Are you the type of person who likes to rock out in your bedroom to your favourite song? Or, would you rather tap your foot to a good groove?. There’s something about moving to music that just feels good.

Victor Quijada, Montreal choreographer and artistic director of RUBBERBANDance group, knows what we’re talking about. In fact, Victor’s regarded as a pioneer in the world of dance—not only has he created beautiful and inspiring dance pieces, he’s created an entirely original movement vocabulary as well! We caught up with Victor to hear more about his original style of movement and his thoughts on bringing his newest dance piece Gravity of Center, to The Cultch.

SC: Your choreography is recognized for being a fusion of hip hop, contemporary and classical styles. In your own words, how do you describe your movement vocabulary?

VQ: Actually, that description is probably the most basic, most rudimentary way to describe the movement vocabulary I use with RBDG. Why it doesn’t really work as a good description, is because it asks you to imagine these three styles—hip hop, contemporary, classical—and it forces you to think of the stereotypes that help these genres keep their labels.  Then, it demands that you imagine a fusion of these stereotypical aspects in some kind of a choreographic context.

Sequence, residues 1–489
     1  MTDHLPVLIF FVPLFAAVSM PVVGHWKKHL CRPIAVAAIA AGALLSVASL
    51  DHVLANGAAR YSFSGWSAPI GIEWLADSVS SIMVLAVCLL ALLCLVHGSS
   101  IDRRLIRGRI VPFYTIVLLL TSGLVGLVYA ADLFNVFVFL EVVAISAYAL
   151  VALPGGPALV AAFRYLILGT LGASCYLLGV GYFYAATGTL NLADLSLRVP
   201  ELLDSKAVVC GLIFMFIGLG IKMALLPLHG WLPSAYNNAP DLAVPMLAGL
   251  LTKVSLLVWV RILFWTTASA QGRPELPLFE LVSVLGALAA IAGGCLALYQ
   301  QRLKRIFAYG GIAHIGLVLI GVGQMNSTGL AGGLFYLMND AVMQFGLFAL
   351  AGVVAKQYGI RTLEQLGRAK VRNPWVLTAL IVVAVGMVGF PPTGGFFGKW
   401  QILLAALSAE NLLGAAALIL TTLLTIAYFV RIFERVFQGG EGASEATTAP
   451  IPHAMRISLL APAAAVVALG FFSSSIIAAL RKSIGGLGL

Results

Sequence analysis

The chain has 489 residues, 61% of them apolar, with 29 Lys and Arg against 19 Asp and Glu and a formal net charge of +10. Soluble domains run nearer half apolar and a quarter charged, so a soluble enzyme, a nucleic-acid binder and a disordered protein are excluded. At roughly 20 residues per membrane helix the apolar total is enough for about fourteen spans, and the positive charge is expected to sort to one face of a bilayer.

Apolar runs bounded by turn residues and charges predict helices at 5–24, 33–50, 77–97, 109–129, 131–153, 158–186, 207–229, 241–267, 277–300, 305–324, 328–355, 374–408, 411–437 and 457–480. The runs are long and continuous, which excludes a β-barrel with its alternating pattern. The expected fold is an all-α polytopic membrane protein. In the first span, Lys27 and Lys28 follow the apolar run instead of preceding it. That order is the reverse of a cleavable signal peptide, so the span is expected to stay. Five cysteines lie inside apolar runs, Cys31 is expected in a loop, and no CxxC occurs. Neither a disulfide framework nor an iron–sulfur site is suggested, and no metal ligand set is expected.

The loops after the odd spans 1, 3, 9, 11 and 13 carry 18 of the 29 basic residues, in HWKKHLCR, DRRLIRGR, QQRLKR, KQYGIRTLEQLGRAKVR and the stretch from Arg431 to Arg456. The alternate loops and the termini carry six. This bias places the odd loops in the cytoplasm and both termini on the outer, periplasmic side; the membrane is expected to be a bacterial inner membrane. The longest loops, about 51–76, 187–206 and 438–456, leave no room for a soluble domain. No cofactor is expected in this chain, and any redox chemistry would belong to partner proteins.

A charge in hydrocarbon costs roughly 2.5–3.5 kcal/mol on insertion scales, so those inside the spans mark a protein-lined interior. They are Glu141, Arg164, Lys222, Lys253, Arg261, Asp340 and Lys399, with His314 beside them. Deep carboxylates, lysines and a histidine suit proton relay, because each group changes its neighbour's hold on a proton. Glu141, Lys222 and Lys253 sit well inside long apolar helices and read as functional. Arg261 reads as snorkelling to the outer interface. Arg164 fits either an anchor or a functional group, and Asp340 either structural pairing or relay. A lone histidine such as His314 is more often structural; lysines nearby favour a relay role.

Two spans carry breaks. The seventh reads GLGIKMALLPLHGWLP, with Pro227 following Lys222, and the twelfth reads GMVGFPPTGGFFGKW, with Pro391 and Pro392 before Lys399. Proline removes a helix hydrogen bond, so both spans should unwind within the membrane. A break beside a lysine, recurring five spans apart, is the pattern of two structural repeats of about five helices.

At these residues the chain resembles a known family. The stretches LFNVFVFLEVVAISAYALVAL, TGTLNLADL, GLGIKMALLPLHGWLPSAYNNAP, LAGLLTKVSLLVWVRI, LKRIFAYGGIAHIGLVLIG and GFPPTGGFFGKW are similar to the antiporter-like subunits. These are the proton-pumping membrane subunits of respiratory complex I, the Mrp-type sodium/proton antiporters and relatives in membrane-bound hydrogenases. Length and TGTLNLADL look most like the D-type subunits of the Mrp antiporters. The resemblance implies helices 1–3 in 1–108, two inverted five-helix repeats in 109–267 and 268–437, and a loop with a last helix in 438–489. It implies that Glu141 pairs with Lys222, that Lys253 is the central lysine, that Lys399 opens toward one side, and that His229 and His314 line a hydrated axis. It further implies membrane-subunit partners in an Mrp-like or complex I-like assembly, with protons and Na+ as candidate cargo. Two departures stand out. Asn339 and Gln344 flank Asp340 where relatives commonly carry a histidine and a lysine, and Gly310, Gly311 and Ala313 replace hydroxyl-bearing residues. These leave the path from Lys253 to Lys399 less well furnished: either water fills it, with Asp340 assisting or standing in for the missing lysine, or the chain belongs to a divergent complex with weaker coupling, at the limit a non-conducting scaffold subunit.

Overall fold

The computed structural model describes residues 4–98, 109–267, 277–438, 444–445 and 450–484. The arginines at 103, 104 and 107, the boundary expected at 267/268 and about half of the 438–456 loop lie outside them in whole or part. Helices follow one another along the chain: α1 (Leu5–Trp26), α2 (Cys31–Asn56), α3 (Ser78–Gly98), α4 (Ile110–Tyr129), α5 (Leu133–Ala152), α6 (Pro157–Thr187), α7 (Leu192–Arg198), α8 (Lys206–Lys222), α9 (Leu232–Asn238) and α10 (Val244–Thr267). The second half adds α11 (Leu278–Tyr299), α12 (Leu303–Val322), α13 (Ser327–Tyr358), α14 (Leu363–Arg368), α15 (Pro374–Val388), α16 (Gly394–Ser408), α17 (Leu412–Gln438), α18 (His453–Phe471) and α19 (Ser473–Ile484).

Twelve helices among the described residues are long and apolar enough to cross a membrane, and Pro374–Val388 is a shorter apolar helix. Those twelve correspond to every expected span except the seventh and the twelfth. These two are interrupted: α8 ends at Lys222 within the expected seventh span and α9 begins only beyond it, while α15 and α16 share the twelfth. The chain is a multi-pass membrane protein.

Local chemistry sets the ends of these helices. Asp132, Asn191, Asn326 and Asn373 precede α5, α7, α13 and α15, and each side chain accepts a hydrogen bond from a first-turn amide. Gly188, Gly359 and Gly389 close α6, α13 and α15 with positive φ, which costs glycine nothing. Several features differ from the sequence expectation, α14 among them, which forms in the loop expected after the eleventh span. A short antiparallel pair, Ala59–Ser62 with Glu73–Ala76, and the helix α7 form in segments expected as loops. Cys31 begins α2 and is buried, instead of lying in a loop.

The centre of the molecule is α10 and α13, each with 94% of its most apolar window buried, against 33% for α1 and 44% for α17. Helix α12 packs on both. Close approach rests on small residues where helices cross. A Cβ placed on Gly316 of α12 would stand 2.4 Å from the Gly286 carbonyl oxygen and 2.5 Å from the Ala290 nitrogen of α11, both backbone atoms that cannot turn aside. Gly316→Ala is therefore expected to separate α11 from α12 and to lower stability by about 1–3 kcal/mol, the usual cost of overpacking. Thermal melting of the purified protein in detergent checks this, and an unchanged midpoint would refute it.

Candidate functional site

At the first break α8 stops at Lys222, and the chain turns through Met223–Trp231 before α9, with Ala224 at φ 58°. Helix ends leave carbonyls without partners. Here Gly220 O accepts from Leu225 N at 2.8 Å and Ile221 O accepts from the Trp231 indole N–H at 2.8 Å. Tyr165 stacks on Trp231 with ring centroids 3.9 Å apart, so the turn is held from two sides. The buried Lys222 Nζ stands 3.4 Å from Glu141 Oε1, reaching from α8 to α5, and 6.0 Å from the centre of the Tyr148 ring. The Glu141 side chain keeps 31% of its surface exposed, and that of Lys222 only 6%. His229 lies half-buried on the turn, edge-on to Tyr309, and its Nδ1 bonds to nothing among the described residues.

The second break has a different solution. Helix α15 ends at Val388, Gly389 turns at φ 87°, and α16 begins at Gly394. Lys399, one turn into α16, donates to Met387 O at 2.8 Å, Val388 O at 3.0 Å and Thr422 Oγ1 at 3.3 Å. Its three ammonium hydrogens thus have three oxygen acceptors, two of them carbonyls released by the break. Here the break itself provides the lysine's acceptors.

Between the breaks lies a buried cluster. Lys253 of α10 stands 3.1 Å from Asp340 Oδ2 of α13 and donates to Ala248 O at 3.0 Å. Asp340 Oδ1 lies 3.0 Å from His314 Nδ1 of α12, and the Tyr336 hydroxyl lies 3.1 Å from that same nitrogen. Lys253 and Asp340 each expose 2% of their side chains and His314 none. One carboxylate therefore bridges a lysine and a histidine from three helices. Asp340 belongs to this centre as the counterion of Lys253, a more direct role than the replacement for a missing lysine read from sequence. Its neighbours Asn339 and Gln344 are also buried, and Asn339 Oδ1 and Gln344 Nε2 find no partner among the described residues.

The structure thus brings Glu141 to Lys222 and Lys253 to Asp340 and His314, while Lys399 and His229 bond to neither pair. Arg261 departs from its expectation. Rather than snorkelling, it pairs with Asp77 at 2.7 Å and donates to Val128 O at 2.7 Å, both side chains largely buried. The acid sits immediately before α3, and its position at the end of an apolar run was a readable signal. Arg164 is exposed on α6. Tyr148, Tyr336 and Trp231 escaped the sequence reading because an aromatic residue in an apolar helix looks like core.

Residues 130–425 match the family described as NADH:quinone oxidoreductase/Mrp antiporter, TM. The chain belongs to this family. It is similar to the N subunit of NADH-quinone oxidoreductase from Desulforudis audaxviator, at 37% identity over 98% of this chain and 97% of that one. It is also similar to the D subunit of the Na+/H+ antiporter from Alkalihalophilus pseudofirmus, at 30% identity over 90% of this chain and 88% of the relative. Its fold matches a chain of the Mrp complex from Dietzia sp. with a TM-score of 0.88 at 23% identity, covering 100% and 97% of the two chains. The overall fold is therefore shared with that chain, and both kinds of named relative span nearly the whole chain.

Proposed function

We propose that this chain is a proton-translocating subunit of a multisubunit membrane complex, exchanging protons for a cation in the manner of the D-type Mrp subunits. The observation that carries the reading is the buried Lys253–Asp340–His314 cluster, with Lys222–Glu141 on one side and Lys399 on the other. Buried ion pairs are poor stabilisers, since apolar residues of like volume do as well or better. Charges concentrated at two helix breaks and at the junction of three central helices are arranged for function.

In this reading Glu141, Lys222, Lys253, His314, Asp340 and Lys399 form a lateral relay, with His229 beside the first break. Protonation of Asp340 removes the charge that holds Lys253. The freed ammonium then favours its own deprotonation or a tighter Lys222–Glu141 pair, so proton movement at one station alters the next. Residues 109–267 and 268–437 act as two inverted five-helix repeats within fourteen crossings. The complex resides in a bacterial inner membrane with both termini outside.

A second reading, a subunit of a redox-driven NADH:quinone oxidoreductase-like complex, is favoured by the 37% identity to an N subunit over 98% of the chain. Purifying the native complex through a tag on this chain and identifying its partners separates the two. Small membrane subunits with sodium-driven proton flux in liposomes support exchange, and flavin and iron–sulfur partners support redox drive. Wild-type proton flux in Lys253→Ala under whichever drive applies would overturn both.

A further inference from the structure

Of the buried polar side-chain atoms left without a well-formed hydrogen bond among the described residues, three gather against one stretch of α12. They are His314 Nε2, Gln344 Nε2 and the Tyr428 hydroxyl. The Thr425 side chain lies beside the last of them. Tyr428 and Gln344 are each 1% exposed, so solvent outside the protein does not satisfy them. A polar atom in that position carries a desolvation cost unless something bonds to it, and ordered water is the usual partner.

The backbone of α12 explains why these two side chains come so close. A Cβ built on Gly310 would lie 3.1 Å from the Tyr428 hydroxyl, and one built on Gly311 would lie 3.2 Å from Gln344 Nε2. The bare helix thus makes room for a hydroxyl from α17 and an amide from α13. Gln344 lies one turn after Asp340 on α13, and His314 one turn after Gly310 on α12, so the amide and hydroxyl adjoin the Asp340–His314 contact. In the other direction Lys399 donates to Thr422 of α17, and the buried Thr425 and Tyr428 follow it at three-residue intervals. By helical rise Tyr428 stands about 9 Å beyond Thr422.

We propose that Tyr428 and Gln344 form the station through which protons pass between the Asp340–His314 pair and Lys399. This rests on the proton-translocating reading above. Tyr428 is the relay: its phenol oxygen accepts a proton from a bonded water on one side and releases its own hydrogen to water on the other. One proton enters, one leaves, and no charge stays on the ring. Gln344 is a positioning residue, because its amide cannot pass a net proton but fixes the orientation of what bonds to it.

Victor Quijada working with Company dancers. Photo by Lindsay Thomas

To be more accurate, I would say that as a choreographer, my voice and vision have been shaped by my history. At one end of the spectrum, this starts with growing up in the freestyle hip hop dance ciphers of Los Angeles, and on the other end it includes a professional career of working with postmodern, contemporary, and neo-classical choreographers in the ranks of high caliber dance companies.

I think this paragraph from my bio says it well: